The North Koreans recorded some significant differences in symptom reductions in their MDR-TB patients during treatment – comparing a control group treated with their standard drug therapy with a group having the same drug therapy plus moxa. They recorded a significant reduction in symptoms in the moxa group (90% reporting symptoms disappearing compared to 64% in the control), as well as a much faster manifestation of these reductions when they occurred (seen in an average of 49 days with moxa instead of 82 with just the drugs). It’s certainly possible to suggest that these two findings alone give a potent possibility of reductions in human suffering.
But there was more – relating to the percentage rates of recovery that the North Koreans recorded: with 85% of moxa patients recovering successfully as against 60%. Please bear in mind that this was for infections of MDR-TB for which the most recently reported global average success rate with drugs is only a very meagre 55%. In fact, the current global average for easier-to-treat drug-susceptible TB is only 81% - so these DPRK data tentatively suggest that moxa could possibly hike success rates for MDR-TB up near the current global success rates for ‘normal’ TB. What’s more, if this can be corroborated, it could do so easily, and very cheaply.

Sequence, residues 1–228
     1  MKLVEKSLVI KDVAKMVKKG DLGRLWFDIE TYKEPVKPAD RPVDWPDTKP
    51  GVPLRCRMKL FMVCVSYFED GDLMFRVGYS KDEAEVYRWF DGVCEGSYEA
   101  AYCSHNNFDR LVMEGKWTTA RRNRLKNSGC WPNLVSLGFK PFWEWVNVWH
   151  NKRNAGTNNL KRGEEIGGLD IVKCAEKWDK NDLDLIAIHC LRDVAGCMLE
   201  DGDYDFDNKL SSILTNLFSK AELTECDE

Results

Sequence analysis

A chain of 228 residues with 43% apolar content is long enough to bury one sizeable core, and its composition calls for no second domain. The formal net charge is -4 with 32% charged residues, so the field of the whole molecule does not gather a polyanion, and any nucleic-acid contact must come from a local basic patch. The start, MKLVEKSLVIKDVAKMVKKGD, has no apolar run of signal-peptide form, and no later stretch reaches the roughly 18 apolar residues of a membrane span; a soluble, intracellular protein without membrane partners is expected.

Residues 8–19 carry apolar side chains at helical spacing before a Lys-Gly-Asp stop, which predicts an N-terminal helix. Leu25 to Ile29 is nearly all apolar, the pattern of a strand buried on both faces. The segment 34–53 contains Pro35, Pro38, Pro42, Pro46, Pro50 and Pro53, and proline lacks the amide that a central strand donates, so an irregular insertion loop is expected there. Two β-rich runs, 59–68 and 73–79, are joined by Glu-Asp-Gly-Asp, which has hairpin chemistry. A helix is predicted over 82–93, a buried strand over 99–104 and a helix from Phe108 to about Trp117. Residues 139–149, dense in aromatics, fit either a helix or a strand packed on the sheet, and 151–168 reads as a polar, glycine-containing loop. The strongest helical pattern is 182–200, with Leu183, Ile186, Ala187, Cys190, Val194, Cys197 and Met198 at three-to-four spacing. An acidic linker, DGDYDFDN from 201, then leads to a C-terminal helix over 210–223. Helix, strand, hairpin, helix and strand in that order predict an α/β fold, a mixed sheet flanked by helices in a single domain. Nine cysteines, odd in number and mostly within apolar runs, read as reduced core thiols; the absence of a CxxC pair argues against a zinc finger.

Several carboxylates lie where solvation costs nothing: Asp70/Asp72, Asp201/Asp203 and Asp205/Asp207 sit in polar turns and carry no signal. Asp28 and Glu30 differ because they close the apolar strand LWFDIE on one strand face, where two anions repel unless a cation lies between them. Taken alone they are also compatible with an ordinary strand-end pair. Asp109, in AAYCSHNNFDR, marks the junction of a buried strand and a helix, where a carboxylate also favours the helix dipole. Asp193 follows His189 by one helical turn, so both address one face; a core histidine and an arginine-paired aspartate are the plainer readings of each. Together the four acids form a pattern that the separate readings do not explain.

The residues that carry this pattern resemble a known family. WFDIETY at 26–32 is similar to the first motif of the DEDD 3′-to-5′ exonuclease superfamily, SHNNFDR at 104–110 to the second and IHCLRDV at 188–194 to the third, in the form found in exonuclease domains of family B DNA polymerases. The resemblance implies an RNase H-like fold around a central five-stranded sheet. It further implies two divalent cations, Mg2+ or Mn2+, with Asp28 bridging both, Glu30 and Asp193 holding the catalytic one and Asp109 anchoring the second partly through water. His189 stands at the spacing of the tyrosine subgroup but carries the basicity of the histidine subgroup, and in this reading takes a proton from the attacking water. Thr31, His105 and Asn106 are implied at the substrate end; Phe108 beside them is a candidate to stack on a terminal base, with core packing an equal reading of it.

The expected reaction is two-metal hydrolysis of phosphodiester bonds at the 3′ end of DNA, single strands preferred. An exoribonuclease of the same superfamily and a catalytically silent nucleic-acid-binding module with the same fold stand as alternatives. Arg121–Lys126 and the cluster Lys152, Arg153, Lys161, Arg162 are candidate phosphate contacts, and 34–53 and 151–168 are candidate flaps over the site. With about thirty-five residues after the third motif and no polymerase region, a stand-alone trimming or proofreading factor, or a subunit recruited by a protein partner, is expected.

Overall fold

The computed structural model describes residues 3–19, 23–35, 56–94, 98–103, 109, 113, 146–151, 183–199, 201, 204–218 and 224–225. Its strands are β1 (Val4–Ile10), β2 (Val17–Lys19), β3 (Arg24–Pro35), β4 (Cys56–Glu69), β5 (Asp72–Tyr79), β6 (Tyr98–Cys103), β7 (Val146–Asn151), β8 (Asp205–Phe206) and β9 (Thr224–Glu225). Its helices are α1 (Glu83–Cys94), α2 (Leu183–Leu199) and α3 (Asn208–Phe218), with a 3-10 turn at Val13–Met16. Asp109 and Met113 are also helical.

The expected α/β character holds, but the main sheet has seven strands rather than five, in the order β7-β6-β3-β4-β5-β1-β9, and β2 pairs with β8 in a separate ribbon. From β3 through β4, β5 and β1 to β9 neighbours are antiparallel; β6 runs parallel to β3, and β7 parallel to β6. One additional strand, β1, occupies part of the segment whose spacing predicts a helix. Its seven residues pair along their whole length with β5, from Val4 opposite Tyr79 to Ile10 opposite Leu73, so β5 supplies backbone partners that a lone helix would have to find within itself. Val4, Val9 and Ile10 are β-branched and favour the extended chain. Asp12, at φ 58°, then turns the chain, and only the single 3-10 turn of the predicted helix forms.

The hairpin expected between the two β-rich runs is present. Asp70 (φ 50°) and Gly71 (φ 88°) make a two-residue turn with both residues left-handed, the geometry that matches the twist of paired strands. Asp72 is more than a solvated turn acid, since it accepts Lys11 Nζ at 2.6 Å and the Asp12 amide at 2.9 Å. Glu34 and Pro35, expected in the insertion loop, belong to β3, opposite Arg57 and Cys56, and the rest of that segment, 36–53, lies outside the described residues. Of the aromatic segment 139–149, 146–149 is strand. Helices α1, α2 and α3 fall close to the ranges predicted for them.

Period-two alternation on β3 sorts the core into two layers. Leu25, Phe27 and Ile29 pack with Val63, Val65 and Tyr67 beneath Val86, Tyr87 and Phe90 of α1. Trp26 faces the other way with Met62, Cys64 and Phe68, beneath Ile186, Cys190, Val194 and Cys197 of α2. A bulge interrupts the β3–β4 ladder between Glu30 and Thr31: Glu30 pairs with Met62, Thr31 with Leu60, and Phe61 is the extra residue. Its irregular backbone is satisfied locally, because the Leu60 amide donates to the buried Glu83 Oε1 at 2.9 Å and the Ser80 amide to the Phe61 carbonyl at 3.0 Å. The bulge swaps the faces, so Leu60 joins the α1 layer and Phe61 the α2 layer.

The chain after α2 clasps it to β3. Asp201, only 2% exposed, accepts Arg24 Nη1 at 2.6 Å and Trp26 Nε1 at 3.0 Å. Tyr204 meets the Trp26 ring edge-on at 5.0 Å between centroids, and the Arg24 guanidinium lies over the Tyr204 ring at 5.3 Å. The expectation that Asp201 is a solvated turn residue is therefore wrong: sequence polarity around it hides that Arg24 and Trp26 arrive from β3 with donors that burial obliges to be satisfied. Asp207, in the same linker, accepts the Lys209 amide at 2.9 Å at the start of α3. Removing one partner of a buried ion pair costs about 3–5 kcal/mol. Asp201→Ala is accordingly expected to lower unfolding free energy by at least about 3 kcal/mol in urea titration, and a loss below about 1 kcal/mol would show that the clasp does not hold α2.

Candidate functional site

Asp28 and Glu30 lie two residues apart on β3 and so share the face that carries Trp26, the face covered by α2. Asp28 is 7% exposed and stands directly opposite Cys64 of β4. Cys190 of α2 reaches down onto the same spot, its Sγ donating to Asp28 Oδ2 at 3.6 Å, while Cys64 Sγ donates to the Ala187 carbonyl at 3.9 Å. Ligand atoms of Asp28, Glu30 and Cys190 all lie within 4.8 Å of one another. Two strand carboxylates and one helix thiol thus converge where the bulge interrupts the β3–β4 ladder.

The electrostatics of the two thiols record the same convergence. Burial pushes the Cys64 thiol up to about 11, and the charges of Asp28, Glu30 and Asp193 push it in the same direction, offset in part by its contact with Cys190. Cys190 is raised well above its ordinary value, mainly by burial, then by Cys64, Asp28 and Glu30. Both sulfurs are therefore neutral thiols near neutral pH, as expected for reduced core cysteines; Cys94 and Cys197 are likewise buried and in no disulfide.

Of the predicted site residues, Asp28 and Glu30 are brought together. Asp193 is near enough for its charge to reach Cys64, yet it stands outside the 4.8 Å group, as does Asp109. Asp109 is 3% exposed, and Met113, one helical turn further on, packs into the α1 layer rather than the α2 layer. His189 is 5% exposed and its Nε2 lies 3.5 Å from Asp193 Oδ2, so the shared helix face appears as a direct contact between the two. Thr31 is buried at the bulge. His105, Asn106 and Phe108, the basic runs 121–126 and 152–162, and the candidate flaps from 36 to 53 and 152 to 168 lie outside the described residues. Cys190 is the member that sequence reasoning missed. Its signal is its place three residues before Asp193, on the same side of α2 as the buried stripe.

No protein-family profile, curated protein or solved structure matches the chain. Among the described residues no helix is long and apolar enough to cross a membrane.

The material cost of doing this, by the way, is 20 to 30 US dollars’ worth of moxa per patient.
We realise, of course, that this is quite a claim to make, which is why these findings urgently need testing with further research. This is the major reason why we want to share these findings and why we wanted to speak in Paris last week, in the hope of finding others who might want to get engaged.
It’s also worth briefly considering the comparative strengths that adjunctive moxa may offer in the treatment of TB. It’s safe, cheap, highly adaptable, and can be used at any point of care. It is easily sustainable, easily taught, doesn’t depend on technical and expensive diagnostics, and won’t stoke further drug resistance. New drugs (while they are still vital) don’t tick any of these boxes.
In other words, it’s highly appropriate as a tool where resources are poor.
So what about acumoxa and other health problems?
This, of course, is so far all in relation to moxa and TB therapy, but something similar might just be the case for other infectious diseases, for other anti-microbial resistant infections, for instance, or indeed for non-communicable killer conditions including cancer and chemotherapy support, or for managing Type 2 Diabetes. There is a lot of opportunity for investigation here but only if we care (and dare) to take up the challenge.
Which brings us right back to our starting point, to that great jazz man Edward Kennedy Ellington – because we can now refine the question that was posed to him, and ask:
Which parts of our medicine might be the ‘good’ parts in terms of their being of most potential service to humanity, and which parts are the ‘other kind’ – which may be of more service to the currently more privileged members of our human family which already have the majority access to the fruits of science and medical research - medicine which, if our world was a more equitable place in which to live, would surely be the right of all of us.